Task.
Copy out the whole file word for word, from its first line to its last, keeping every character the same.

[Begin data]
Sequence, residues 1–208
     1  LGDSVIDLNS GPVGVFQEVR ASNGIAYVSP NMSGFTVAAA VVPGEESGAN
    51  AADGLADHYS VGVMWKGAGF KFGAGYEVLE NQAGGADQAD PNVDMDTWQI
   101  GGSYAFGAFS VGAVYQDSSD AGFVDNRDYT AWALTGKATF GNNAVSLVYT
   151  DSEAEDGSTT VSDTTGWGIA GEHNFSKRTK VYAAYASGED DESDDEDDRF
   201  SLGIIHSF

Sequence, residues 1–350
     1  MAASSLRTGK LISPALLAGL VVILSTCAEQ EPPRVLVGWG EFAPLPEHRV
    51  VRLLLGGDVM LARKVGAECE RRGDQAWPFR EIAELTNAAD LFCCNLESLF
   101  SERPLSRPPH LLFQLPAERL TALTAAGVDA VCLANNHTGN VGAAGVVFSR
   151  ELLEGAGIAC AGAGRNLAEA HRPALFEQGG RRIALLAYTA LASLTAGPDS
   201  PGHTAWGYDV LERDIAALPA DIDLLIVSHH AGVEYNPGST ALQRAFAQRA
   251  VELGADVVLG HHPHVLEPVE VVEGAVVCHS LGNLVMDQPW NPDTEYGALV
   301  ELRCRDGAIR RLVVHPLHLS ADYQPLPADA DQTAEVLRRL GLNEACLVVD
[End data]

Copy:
Sequence, residues 1–208
     1  LGDSVIDLNS GPVGVFQEVR ASNGIAYVSP NMSGFTVAAA VVPGEESGAN
    51  AADGLADHYS VGVMWKGAGF KFGAGYEVLE NQAGGADQAD PNVDMDTWQI
   101  GGSYAFGAFS VGAVYQDSSD AGFVDNRDYT AWALTGKATF GNNAVSLVYT
   151  DSEAEDGSTT VSDTTGWGIA GEHNFSKRTK VYAAYASGED DESDDEDDRF
   201  SLGIIHSF

Sequence, residues 1–350
     1  MAASSLRTGK LISPALLAGL VVILSTCAEQ EPPRVLVGWG EFAPLPEHRV
    51  VRLLLGGDVM LARKVGAECE RRGDQAWPFR EIAELTNAAD LFCCNLESLF
   101  SERPLSRPPH LLFQLPAERL TALTAAGVDA VCLANNHTGN VGAAGVVFSR
   151  ELLEGAGIAC AGAGRNLAEA HRPALFEQGG RRIALLAYTA LASLTAGPDS
   201  PGHTAWGYDV LERDIAALPA DIDLLIVSHH AGVEYNPGST ALQRAFAQRA
   251  VELGADVVLG HHPHVLEPVE VVEGAVVCHS LGNLVMDQPW NPDTEYGALV
   301  ELRCRDGAIR RLVVHPLHLS ADYQPLPADA DQTAEVLRRL GLNEACLVVD